We’re in the midst of the transition from an industrial economy to a knowledge economy. To succeed, business will need to give more people the power of independent decision and action, while doing everything possible to assure that those actions are aligned with organizational strategy.
Humility, I’ve learned, doesn’t mean lying as a rug to be trod upon, but being strong and wise and channeling energy to others, the very secret of life and the new areas of social media.
ABOVE: The Humble Administrator’s Garden is one of the prized gardens in Suzhou, China, a UNESCO World Heritage Site, and was originally completed in 1526 and took 16 years to build. The garden was originally commissioned by Wang Xiancheng and was designed by Wen Zhengming.(Photograph used under Creative Commons license)
For the second straight summer, I’m taking a moment off in my schedule every week to do some free-form writing on spirituality, following 13 ideas preached about by St. Anthony a thousand years ago. This journey is not a religious one, but one where each of the 13 ideas set me off on a journey of exploration and learning to share with whomever comes upon this.
When I complete the writing, a part of my ritual involves meditation and prayerfulness, to get centered for the week ahead and to get some context. I live in New York City, where the sheer energy on the streets is palpable and the challenges are great and this helps me, and I hope it inspires you.
The first stop into my look into humility took me to the Mindtools website, a service that offers career training.
MY TAKEAWAY: Humility is a quiet confidence, without hubris, and those who achieve most do not need to billboard it.
QUOTES “Humility is all about maintaining our pride about who we are, about our achievements, about our worth – but without arrogance – it is the antithesis of hubris, that excessive, arrogant pride which often leads to the derailment of some corporate heroes, as it does with the downfall of the tragic hero in Greek drama. It’s about a quiet confidence without the need for a meretricious selling of our wares. It’s about being content to let others discover the layers of our talents without having to boast about them. It’s a lack of arrogance, not a lack of aggressiveness in the pursuit of achievement.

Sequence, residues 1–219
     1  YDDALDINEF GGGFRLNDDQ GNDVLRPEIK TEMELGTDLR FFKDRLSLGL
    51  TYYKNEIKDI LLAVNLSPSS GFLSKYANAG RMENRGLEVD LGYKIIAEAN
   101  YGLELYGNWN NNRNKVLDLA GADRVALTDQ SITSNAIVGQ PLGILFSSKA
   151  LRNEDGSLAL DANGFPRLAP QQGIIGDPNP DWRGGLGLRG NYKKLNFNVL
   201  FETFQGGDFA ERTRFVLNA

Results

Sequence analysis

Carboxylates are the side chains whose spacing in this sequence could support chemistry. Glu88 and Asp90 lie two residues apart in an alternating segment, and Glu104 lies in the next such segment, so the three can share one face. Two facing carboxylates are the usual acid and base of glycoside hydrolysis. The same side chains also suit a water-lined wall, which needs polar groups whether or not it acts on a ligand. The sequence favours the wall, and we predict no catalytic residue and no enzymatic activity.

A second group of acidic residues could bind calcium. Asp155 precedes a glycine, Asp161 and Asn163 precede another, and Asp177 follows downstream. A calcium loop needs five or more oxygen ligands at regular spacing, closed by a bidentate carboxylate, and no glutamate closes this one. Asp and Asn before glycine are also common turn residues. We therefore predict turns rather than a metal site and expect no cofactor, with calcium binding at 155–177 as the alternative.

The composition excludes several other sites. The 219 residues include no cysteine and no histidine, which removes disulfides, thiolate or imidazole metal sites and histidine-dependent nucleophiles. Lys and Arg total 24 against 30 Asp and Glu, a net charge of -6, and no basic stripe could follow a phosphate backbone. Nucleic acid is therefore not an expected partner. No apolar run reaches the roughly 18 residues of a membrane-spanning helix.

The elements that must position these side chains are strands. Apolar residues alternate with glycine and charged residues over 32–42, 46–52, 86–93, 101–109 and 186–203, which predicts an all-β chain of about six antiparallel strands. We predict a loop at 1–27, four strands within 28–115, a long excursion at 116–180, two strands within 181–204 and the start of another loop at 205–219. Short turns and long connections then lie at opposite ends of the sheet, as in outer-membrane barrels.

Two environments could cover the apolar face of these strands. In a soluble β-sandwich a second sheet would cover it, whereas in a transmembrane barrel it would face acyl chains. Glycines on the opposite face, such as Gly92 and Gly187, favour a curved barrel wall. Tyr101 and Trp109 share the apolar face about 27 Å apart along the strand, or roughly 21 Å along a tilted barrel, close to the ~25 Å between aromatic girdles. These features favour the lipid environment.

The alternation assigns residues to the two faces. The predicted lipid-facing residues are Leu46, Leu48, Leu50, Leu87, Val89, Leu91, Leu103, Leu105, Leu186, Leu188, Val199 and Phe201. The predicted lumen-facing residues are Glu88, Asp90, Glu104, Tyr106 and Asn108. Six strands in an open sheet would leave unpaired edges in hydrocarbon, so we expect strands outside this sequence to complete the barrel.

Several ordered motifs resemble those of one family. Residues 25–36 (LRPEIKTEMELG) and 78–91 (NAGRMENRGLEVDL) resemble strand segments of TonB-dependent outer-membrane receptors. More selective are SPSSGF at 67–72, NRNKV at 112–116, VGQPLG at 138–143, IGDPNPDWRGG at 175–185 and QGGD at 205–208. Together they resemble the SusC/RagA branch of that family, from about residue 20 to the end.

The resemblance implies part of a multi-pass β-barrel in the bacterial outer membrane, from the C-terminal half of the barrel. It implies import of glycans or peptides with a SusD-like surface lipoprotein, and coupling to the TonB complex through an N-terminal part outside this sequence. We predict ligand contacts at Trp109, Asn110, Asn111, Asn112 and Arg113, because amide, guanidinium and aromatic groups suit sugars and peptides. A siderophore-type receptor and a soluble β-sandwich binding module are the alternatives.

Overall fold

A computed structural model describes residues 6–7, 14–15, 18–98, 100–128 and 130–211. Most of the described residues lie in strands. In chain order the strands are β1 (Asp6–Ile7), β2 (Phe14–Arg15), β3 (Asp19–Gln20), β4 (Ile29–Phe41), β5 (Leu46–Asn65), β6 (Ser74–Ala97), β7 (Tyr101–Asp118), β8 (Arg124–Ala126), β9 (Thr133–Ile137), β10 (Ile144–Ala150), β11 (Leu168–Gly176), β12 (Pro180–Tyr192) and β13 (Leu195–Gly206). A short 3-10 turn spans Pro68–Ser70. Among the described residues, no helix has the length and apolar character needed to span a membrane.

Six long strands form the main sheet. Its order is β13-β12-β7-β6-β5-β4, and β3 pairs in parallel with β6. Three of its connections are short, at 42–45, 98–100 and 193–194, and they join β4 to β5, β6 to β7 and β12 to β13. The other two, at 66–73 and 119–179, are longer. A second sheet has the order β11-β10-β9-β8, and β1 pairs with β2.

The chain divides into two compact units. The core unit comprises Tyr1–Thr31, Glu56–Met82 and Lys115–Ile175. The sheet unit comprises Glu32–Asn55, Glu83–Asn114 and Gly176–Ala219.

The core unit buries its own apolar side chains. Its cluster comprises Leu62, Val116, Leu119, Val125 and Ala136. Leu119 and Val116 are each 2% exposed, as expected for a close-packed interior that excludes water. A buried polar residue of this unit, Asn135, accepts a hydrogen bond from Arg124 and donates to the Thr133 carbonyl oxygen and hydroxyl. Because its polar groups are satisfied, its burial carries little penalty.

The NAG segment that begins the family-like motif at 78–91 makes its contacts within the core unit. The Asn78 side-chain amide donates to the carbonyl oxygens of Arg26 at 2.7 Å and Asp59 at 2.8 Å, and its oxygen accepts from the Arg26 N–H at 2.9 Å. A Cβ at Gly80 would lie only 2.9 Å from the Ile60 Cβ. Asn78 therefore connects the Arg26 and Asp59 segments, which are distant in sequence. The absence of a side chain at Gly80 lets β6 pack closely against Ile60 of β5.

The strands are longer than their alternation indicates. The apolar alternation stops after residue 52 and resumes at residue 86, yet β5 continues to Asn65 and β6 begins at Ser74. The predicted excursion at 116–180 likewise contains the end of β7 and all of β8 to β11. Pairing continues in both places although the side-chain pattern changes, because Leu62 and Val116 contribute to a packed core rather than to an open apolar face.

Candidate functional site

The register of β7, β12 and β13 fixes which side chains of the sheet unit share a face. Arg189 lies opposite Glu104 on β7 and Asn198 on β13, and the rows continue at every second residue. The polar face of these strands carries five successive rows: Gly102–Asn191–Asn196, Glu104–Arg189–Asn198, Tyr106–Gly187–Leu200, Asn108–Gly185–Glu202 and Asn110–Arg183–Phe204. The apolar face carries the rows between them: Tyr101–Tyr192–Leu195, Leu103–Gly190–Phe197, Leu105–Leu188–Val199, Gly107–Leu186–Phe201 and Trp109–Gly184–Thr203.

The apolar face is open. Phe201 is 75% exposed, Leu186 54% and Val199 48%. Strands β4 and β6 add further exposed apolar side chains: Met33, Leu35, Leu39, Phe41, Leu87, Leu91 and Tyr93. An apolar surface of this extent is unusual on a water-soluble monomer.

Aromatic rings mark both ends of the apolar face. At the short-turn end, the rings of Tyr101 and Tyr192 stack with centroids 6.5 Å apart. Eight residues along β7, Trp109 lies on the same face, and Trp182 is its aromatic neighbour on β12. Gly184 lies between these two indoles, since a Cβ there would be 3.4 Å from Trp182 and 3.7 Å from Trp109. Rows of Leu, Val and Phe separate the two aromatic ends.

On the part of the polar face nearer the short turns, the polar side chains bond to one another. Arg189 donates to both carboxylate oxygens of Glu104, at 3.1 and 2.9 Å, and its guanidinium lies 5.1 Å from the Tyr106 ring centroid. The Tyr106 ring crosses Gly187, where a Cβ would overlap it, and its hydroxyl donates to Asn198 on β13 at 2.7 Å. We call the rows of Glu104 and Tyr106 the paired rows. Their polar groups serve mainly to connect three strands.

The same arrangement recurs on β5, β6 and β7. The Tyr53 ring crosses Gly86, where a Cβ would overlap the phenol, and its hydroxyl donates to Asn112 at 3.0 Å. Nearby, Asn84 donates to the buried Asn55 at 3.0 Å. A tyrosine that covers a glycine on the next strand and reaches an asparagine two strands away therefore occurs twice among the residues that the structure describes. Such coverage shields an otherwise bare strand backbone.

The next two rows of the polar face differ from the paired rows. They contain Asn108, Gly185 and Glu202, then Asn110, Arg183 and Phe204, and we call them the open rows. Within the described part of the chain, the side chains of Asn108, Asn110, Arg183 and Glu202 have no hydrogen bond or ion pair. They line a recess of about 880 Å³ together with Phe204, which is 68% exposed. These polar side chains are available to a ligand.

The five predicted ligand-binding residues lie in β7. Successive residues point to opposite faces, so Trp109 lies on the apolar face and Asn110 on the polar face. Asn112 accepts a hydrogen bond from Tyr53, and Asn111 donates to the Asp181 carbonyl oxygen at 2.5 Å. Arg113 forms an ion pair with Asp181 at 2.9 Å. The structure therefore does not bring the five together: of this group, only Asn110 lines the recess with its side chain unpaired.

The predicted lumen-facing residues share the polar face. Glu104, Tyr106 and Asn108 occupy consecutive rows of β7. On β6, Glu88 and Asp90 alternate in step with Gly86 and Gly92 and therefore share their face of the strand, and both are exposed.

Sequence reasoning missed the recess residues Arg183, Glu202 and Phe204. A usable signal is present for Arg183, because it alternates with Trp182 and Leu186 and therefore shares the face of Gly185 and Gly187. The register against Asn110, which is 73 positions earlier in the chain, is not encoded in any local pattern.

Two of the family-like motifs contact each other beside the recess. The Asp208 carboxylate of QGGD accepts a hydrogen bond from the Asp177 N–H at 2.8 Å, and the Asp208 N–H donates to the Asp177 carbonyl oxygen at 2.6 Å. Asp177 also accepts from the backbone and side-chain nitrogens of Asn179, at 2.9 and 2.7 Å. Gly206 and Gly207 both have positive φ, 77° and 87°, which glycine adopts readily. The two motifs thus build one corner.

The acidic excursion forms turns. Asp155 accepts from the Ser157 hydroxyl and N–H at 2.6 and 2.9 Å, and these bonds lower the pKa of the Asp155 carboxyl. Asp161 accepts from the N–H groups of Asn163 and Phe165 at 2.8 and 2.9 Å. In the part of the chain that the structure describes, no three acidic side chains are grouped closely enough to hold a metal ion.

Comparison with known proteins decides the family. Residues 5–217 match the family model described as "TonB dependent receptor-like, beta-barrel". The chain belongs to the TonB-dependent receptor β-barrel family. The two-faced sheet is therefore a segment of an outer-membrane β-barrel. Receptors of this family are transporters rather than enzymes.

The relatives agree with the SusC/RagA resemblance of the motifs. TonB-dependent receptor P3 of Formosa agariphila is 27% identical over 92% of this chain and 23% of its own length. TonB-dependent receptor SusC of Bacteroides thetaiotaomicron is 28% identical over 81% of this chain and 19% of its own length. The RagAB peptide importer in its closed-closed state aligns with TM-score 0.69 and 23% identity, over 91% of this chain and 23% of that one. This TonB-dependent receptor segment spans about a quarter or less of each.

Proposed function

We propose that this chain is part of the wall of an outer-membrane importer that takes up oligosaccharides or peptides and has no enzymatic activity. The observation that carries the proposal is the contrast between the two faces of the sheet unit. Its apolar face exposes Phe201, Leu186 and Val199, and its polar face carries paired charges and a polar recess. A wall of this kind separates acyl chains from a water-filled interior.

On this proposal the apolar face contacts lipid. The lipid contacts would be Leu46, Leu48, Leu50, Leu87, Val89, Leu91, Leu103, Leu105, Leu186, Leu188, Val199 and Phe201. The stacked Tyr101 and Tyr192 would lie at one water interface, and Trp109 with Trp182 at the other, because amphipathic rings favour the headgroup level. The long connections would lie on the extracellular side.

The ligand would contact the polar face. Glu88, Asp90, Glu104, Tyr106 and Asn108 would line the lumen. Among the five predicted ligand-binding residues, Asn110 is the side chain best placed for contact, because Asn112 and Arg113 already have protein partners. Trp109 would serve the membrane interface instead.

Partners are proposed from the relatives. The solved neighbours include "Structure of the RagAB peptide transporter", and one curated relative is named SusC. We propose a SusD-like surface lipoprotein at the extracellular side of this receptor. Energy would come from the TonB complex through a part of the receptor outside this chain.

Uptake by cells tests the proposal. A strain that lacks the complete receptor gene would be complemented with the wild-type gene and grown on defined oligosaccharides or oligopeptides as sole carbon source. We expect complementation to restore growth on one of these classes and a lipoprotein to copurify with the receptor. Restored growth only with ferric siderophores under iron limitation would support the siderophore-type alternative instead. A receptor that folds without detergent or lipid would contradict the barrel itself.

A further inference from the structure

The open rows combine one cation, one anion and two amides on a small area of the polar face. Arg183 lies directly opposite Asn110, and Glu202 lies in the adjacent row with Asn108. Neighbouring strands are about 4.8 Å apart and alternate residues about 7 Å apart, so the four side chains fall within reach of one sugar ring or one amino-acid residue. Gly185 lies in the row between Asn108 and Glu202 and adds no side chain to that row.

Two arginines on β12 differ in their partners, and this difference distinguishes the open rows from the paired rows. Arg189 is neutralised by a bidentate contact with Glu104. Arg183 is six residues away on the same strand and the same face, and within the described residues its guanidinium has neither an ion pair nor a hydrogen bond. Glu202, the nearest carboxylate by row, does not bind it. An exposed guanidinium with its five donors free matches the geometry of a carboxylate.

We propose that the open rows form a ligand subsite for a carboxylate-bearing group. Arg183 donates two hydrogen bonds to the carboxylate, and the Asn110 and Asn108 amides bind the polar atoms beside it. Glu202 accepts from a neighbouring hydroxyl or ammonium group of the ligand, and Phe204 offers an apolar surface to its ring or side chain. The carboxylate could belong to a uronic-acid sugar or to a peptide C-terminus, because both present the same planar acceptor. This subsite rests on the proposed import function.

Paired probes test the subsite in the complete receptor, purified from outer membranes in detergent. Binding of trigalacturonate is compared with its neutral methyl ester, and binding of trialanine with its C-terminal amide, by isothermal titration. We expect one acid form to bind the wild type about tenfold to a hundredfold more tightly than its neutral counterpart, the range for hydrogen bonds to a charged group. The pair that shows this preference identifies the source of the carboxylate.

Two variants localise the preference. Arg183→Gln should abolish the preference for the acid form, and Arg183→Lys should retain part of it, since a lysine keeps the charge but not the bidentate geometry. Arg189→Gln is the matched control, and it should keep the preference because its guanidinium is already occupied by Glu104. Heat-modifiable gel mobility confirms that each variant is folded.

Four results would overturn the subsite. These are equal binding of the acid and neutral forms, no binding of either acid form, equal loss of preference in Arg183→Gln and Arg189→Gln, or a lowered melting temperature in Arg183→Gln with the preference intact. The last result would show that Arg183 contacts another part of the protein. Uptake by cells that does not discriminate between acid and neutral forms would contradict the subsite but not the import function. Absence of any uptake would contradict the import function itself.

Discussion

… the higher people rise, the more they have accomplished, the higher the humility index. Those who achieve the most brag the least, and the more secure they are in themselves, the more humble they are. “True merit, like a river, the deeper it is, the less noise it makes”. (Edward Frederick Halifax).
The next stop brought me to the Harvard Business Review Level 5 Leadership: The Triumph of Humility and Fierce Resolve where I learned of the story of Darwin E. Smith, who was named chief executive of Kimberly-Clark in 1971. Two months into his appointment, he was diagnosed with cancer. He took his treatments and over the next 20 years led Kimberly-Clark to becoming a world-class company. (Read more here http://www.selfdiscoveryportal.com/arBoatBurning.htm) His team brought “Huggies” brand diapers into the world and eventually beat Proctor and Gambles “Huggies” to the No. 1 position in the disposable diaper market.
Jim Collins, the author of Built to Last,Good to Great, and How the Mighty Fall, describes the ultimate leader as a Level 5 leader: “an executive in whom genuine personal humility blends with intense professional will.” (Explore some great tools at http://jimcollins.com/tools.html)
Humility in Sports
In the world of sports, an environment where humility is rare, I found Ric Charlesworth, an Australian cricket and field hockey player and a performance consultant as well as a coach, who says:
Humility underpins an attitude that says, “We can get better. There is more to do. We have to improve.” It underpins a disciplined approach to your lifestyle and your training – how you prepare and acquire skills.
Wikihow has assembled a crowdsourced page on how to be humble:
I arrive at this week’s post on #humility as the sixth stop in a 13-week journey, following St. Anthony of Padua who died on June 13, 1231 at age 36. Curious, I attended a memorial mass for St. Anthony’s at the shrine church in New York on the anniversary of his death last summer and again this summer and learned of the 13 Tuesdays devotional and decided to use the practice to structure a summer of spiritual reflection.
I am a life-long journalist and my practice has always involved research. So, each week, I put aside as much time as I can to examine the 13 concepts that St. Anthony spoke of —
This is an explosive and controversial topic for some in mainstream media billed as “THE END OF THE ARTICLE.” Oh my goodness, what are we going to do?
Social Media News covered Jeff Jarvis of CUNY talking about the end of the article at the June 140 Characters Conference in New York and you can see his dynamic presentation as we caught it live
Tonight, Trei Brundress, VP of Product and Technology for SB Nation will talk about how the sports news service redesigned around what they term “StoryStreams” to provide a platform that channels a story continuously and enables the community to contribute from Facebook, the web and from mobile.